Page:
We have the following from David Habakkuk as part of the ongoing discussion on the crisis of Zionism among various members of this committee of correspondence. pl
"Clifford Kiracofe,Serious analysts do not believe a so-called "two-state" solution is possible any more. Simply put, the Israeli Zionists by now have stolen too much Palestinian land.There are only two possible options it would seem:1. a one-state solution2. the Israelis expelling Palestinians from Israel and the occupied West Bank. That is to say ethnic cleansing which hardliners call "transfer."I agree. The two-state solution is no longer like a patient in a hospital ward in critical condition -- rather it resembles a brain-dead victim of assault on a life support machine, which the doctors would like to turn off, but is kept going because various reasons -- some honourable, some dishonourable -- the family and friends do not want to recognise the true state of affairs.As you note, this leaves Israel with no good options. And this is all the more so, as the course the country is going down must open up deep underlying divisions within t he Zionist movement -- divisions which I suspect will destroy it.Remarks by Norman Finkelstein in an article entitled 'Israel Crackdown Puts Liberal Jews on the Spot' by Chris Hedges make the point better than I could:“The impact of the Goldstone report is tremendous,” the Middle East scholar Norman Finkelstein said when I reached him in New York. “It marks and catalyzes the breakup of the Diaspora Jewish support for Israel because Goldstone is the classical Diaspora Jew. He is a lawyer and upholder of human rights and a liberal. He has distinguished himself in the field of law and he is also a lover of Zion. He calls himself a Zionist. His mother was an activist in the Zionist movement. His daughter did aliyah. He sits on the board of governors of the Hebrew University in Jerusalem. He has an honorary degree from the Hebrew University in Jerusalem. He has said over and over again that he is a Zionist. He believes Jews have a right to a state in Palestine. His is a mostly emblematic profile of the classically liberal Jew.”“Liberal has a distinct connotation,” Finkelstein went on. “It means to believe in the rule of law. It means to believe in international institutions. It means to believe in human rights. Amnesty International and Human Rights Watch are liberal organizations. What the Goldstone phenomenon registers and catalyzes is the fact that it is impossible to reconcile liberal convictions with Israel’s conduct; too much is now known about the history of the conflict and the human rights record and the so-called peace process. It is impossible to be both liberal and defend Israeli policy. That was the conflict that confronted Goldstone. I very much doubt he wanted to condemn Israel.” See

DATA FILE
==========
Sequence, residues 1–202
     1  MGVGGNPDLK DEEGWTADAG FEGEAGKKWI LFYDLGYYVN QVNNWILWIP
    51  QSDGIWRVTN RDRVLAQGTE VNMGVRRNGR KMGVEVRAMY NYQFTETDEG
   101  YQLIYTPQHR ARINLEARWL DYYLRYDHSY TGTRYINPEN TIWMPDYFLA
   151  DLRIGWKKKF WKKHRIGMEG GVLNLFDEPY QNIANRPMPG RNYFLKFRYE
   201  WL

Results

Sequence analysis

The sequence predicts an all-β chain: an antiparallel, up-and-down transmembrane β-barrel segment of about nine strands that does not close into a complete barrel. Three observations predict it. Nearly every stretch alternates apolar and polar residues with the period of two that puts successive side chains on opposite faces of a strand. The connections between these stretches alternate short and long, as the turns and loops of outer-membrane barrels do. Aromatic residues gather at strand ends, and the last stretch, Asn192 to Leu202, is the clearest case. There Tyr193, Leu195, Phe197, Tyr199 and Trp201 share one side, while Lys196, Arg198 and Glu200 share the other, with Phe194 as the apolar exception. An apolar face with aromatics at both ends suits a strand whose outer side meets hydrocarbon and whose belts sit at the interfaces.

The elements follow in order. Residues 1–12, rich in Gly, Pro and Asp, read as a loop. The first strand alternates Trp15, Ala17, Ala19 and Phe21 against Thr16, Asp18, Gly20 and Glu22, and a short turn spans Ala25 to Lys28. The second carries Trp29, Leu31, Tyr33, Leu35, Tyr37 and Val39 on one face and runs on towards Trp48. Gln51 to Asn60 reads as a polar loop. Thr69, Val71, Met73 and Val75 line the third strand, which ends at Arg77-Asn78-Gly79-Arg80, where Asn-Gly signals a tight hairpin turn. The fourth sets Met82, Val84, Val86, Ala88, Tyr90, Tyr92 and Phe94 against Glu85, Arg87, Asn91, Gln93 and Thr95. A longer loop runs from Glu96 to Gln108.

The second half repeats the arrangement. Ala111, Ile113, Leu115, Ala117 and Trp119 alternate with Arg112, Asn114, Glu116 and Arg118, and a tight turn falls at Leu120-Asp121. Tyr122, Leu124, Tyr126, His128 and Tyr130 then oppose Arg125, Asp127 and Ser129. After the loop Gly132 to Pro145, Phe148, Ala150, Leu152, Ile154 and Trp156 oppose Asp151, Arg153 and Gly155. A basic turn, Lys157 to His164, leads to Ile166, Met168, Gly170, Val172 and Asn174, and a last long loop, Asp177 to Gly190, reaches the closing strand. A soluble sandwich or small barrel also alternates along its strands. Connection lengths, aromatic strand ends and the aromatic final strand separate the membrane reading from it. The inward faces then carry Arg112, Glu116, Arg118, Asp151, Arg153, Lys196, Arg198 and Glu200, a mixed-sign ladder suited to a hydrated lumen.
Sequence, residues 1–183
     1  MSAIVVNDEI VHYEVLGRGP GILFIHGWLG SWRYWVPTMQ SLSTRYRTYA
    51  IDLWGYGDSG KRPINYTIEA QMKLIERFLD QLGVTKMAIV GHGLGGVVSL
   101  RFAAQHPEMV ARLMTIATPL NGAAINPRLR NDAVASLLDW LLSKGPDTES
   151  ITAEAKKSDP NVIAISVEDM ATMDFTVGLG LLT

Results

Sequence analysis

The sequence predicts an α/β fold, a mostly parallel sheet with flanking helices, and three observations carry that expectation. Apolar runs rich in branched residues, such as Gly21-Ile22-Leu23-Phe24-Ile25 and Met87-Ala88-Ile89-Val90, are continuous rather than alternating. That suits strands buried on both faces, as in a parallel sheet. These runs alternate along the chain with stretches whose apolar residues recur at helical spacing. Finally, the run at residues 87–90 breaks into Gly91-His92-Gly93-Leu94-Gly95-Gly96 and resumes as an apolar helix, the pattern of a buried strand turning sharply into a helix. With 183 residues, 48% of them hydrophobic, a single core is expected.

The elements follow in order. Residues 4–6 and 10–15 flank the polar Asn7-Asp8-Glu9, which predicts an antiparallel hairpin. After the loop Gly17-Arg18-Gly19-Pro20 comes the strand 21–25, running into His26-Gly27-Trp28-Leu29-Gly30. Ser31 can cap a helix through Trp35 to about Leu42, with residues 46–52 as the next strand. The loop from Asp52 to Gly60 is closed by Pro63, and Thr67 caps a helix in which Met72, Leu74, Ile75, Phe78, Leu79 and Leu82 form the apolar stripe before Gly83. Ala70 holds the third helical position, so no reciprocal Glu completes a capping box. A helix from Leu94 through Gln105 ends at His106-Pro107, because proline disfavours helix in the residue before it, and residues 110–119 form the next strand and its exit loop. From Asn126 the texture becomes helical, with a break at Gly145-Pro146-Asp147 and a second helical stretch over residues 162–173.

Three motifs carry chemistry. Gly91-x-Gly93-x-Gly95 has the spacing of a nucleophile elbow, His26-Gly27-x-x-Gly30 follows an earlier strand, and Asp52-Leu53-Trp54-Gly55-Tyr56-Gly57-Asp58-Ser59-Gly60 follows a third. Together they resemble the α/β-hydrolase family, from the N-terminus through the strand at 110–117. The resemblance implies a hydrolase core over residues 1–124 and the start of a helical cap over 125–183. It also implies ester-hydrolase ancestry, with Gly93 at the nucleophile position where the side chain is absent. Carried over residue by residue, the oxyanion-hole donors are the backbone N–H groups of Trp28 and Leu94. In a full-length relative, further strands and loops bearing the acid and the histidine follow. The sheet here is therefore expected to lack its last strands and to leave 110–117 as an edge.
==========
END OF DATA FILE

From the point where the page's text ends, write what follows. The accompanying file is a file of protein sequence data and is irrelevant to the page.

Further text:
In a recent thread, N.M. Salamon noted the appearance of a new Jewish organisation, JNews, in Britain. Its chairman, Antony Lerman, explains the background as follows:But we are living at a time when the situation in Israel-Palestine is becoming increasingly desperate, and when the fallout from the conflict for Jews has never been more intense. In consequence, opinion among Jews has become increasingly polarised.On one side, we see the hardening of the view that Israel is singled out for grossly unfair treatment, expressed most starkly in the trashing of the Goldstone report and the character
assassination of Goldstone himself -- a proud Jew and a Zionist. The alacrity with which certain Israeli and Jewish circles willingly embraced this disgraceful attack is a sign of just how seriously under threat is the culture of reasoned and civil debate among Jews.On the other side, critical Jewish voices have multiplied, especially since the attack on Gaza in December 2008, which exacerbated divisions within the Jewish community. And there are very clear signs of a deep disquiet among the middle ground of Jewish opinion in the UK as to the path Israel is following. The fact that more than 500 people listened intently and sympathetically to three panellists at a Jewish Book Week event on 7 March, all of whom staked out critical and radical positions on the ‘way forward’ in the Israel-Palestine conflict, demonstrated this very starkly.Despite this shift, the variety of Jewish opinion on the conflict is represented in neither the Jewish nor the general media. The strand of opinion which insists on the paramount need to assess the conflict and seek its resolution on the basis of a fundamental concern for human rights and social justice is, we feel, particularly underrepresented.
In my view, the 'liberal Zionist' position -- very common among British Jews -- depended upon belief that the two-state solution was possible. As I suspect Lerman's remarks indicate, people of intelligence an d good faith are still clinging to what like you I believe to be illusion. But what I also believe is that in the U.K. at least, when they finally face the choice very many will chose liberalism over Zionism. Whether the situation is fundamentally different in the U.S. I cannot judge." DH